PURPOSE: The primary purpose of the study was to assess whether physical activity (PA) habits change following 4 to 6 weeks of an early outpatient cardiac rehabilitation (CR) program. A secondary purpose was to determine whether the PA habits differ on days attending CR versus not attending CR.
METHODS: Fourteen men and 8 women completed the study (age = 65.6 ± 13.2 years, body mass index = 29.1 ± 4.6 kg/m2). Subjects wore an accelerometer during the entry and exit weeks of CR participation. Steps per day, activity counts per observation minute, percentage time spent inactive, light-intensity PA minutes per day, and moderate-intensity PA minutes per day were compared both at entry and exit from CR and on days attending CR and not attending CR.
RESULTS: From entry to exit of the early outpatient CR, patients increased total PA behavior (194.4 ± 2 to 217.8 ± 15.3 activity counts per observation minute) and time spent in moderate-intensity PA (13.9 ± 2.3 to 18.7 ± 2.5 min/d). Patients were more active, both in total activity (224.0 ± 15.6 activity counts per observation minute vs 188.2 ± 14.5 activity counts per observation minute) and in moderate intensity (19.7 ± 3.3 min/d vs 12.8 ± 2.0 min/d), on days they attended CR than on days they did not attend CR.
CONCLUSIONS: These data support the value of early outpatient CR programs for increasing patient PA levels, particularly moderate-intensity PA on days during which patients attended CR. Because PA targets for coronary risk reduction are not being achieved when patients exit CR, referral to a maintenance CR program and support for performing PA on days they do not attend CR become essential.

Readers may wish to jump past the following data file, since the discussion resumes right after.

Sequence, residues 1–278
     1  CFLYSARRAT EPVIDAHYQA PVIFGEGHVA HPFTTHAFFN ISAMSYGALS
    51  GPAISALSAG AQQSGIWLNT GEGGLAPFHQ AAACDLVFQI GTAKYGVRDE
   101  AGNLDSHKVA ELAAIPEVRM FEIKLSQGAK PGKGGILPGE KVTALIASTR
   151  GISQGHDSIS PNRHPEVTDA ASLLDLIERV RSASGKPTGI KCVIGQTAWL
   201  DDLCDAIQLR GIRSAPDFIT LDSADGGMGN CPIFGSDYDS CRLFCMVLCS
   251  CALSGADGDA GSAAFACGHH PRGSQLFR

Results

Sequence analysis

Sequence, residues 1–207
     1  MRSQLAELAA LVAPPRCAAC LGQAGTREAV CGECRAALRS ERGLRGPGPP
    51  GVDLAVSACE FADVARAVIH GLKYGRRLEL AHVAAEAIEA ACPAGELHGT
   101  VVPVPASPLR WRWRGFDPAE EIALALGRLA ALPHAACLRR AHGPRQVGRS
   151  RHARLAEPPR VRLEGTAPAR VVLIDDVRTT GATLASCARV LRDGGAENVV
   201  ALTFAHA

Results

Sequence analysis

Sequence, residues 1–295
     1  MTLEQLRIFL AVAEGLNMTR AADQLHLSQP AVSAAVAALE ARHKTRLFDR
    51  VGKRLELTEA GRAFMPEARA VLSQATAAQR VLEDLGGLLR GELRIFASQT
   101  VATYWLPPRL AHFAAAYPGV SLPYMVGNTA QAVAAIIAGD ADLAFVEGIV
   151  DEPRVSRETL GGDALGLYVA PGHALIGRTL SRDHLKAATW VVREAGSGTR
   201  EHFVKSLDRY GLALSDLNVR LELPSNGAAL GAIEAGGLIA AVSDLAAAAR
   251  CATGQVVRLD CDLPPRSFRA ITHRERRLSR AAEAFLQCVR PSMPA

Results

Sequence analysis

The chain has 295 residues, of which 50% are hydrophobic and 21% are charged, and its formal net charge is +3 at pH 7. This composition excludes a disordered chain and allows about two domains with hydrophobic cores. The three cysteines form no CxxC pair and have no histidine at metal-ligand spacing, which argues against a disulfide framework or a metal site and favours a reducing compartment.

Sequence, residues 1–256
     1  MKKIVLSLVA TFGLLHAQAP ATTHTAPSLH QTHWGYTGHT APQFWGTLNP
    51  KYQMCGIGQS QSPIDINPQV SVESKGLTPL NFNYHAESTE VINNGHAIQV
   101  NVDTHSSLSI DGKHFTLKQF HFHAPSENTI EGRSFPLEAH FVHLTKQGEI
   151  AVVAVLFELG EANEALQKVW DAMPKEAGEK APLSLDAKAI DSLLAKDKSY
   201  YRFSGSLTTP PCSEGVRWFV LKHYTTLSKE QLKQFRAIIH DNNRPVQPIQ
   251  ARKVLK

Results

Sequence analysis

This study objectively assessed the change in physical activity (PA) habits as patients progressed through an early outpatient cardiac rehabilitation (CR) program. Patients increased total time of PA and moderate-intensity PA at completion of CR program and were more active on days they attended CR.
Author Affiliations: Division of Gerontology, University of Maryland, Baltimore (Mr Stevenson); Department of Cardiac and Pulmonary Rehabilitation, Ball Memorial Hospital, Muncie, Indiana (Ms Riggin); Department of Physical Education, Sport, and Exercise Science (Dr Nagelkirk) and Human Performance Laboratory (Drs Hargens and Kaminsky), Ball State University, Muncie, Indiana; and Department of Human Movement Sciences, University of Wisconsin—Milwaukee (Dr Strath).
Corresponding Author: Leonard A. Kaminsky, PhD, Human Performance Laboratory, Ball State University, Muncie, IN 47306 (email@example.com).